I believe in public school, higher elementary school grades gets 2 English (or "Foreign Languages class") classes a week. One is led by the Japanese homeroom teacher himself, the other is usually a foreign teacher and a Japanese teacher. When the foreign teachers are here, English goes on, but in my experience - it's not uncommon for me to hear the Japanese teachers I teach with tell me that they didn't do the second English class that week and replaced it with Japanese/Math/Science.


Anyway, this is just a long way of me saying that they probably put English in their to balance their subject books for the year. Which is very smart.


It could also be some kids at a nearby school doing an English class outside, but I doubt it (doing things outside of the school ground often means a lot of paperwork before it even happens).



Real Life Practice Is Great But...


Let's say my assumptions are right, we'll continue on with my make-belief scenario of these kids on a school excursion to Nara. It's great practice for kids to use English, they have exposure to real life English and kids can talk with foreigners. Yay!


A month before this excursion, they probably consulted with the in-house ALT (foreign teacher) to help them prepare for this interview.


This is where I think it all falls apart, as you can see in the video...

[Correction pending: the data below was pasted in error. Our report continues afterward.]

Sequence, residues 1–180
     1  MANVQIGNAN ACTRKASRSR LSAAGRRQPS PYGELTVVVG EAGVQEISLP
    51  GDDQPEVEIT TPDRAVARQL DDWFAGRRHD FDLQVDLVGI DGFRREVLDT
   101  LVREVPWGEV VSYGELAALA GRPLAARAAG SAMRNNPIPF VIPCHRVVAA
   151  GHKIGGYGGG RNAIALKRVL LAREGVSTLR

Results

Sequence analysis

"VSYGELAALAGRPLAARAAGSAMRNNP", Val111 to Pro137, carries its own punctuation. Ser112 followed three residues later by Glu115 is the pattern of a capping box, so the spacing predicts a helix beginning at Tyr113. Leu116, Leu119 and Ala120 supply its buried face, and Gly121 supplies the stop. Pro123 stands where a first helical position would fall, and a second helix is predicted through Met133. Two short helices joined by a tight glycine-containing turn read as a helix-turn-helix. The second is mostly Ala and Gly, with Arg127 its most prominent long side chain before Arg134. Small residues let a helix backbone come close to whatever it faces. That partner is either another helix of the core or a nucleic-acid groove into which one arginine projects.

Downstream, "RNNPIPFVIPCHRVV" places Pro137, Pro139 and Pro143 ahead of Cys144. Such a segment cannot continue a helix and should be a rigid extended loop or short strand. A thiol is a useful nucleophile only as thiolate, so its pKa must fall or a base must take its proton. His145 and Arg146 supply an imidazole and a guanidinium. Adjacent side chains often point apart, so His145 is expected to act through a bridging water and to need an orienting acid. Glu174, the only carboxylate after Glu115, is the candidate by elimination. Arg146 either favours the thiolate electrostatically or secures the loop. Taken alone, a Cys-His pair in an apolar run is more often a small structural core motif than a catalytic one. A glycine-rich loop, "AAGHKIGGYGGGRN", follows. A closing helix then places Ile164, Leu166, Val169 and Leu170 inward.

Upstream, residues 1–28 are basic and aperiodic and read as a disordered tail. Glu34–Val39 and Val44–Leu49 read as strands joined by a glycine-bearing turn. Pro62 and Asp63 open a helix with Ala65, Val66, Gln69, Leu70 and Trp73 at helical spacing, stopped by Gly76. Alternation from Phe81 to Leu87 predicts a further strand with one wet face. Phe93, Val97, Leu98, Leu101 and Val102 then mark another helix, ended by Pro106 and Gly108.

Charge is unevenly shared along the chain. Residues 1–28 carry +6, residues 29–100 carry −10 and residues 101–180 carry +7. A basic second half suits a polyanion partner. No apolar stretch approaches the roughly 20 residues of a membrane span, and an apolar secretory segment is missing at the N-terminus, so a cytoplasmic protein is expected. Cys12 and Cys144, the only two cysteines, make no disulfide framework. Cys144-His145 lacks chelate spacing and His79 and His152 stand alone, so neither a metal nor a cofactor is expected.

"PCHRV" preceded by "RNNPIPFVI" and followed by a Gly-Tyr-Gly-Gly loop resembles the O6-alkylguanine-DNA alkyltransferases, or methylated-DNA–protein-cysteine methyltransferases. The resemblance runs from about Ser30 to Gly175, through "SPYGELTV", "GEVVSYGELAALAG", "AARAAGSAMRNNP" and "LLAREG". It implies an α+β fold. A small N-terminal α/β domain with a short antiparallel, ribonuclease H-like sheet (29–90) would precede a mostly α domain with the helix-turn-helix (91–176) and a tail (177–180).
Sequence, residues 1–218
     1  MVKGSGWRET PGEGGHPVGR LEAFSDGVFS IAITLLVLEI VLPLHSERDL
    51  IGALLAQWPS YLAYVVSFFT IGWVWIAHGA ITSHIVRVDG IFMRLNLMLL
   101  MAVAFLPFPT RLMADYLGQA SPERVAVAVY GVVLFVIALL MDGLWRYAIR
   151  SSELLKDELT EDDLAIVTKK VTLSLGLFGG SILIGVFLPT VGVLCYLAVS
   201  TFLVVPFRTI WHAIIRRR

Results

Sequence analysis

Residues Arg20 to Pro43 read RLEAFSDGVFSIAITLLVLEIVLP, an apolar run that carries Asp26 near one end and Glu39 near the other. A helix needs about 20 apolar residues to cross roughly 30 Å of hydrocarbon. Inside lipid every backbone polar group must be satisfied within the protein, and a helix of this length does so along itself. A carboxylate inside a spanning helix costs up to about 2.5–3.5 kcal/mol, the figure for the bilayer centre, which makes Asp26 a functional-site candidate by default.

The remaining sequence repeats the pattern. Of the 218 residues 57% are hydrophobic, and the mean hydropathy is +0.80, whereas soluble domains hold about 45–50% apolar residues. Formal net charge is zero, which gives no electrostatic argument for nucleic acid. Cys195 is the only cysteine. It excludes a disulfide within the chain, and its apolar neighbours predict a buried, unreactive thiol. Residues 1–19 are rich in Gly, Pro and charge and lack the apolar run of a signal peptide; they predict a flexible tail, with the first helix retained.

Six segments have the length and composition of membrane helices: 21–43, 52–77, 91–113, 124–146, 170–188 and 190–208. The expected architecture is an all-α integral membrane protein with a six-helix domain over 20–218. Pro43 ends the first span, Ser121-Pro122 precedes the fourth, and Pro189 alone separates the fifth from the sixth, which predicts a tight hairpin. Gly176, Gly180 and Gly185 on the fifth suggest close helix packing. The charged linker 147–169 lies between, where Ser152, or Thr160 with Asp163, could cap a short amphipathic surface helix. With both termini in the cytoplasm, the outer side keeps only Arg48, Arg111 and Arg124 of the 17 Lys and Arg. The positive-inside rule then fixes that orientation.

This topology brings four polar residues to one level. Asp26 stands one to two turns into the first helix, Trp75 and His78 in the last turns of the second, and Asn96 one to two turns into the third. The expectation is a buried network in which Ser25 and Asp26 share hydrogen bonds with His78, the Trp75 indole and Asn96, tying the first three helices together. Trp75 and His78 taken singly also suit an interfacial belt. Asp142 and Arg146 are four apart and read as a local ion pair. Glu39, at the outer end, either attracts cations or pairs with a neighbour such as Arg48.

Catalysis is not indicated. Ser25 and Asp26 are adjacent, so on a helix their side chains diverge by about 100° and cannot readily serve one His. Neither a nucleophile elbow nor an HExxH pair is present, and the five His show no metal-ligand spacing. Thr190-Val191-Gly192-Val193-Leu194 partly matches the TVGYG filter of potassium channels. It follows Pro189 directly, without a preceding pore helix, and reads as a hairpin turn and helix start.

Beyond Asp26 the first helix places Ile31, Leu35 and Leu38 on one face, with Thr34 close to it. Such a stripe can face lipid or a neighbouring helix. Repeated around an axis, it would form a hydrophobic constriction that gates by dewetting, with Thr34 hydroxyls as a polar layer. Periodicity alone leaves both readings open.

Repetition and Scripts


Now, there's nothing wrong with repetition to learn something. We all do it to memory vocabulary or facts for a test. But the problem with Japanese education is that the entire curriculum encourages students to only MEMORIZE things. And good memory is reflected as a reward on their grades, since most if not all evaluation pieces in the education system in Japan are... tests.


This isn't an argument of which education system is better, but we can see that using rote memory and repetition for learning a language like Japanese works very well. After all, kids are already exposed to communicative parts of the language via everyday life and while at school, they need the repetition in order to memorize Chinese characters.


It's not to say all Japanese classes in Japanese schools are kanji character memorization, but a very good chunk of mid-term and end-of-term tests are just that - asking kids if they remember the characters.


English also requires repetition and rote memory for vocabulary and grammar rules, but when schools try to incorporate communicative activities into lessons, there's also a huge reliance on repetition and memorize set phrases. I would need another essay to get into the reasons why and how systematic this is, but ultimately, students at this age do not have the vocabulary nor the ability to produce English in any communicative way. Let alone getting off script. Their only exposure to English isn't through daily life - it's through that foreigner that comes in once a week to teach them English. (And maybe that other time when the Japanese teacher actually tries to teach English by themselves)


So of course, try as any gung-ho fresh-off-the-boat foreigner may, if they were tasked with getting kids to produce interviews in English (heck, this poor foreigner probably just got his students to remember how to answer "How are you?" yet), he/she has no choice but to produce a script and hopes all the students know how to remember how to say it.


(Reading the alphabet can still be tough for some kids at this level)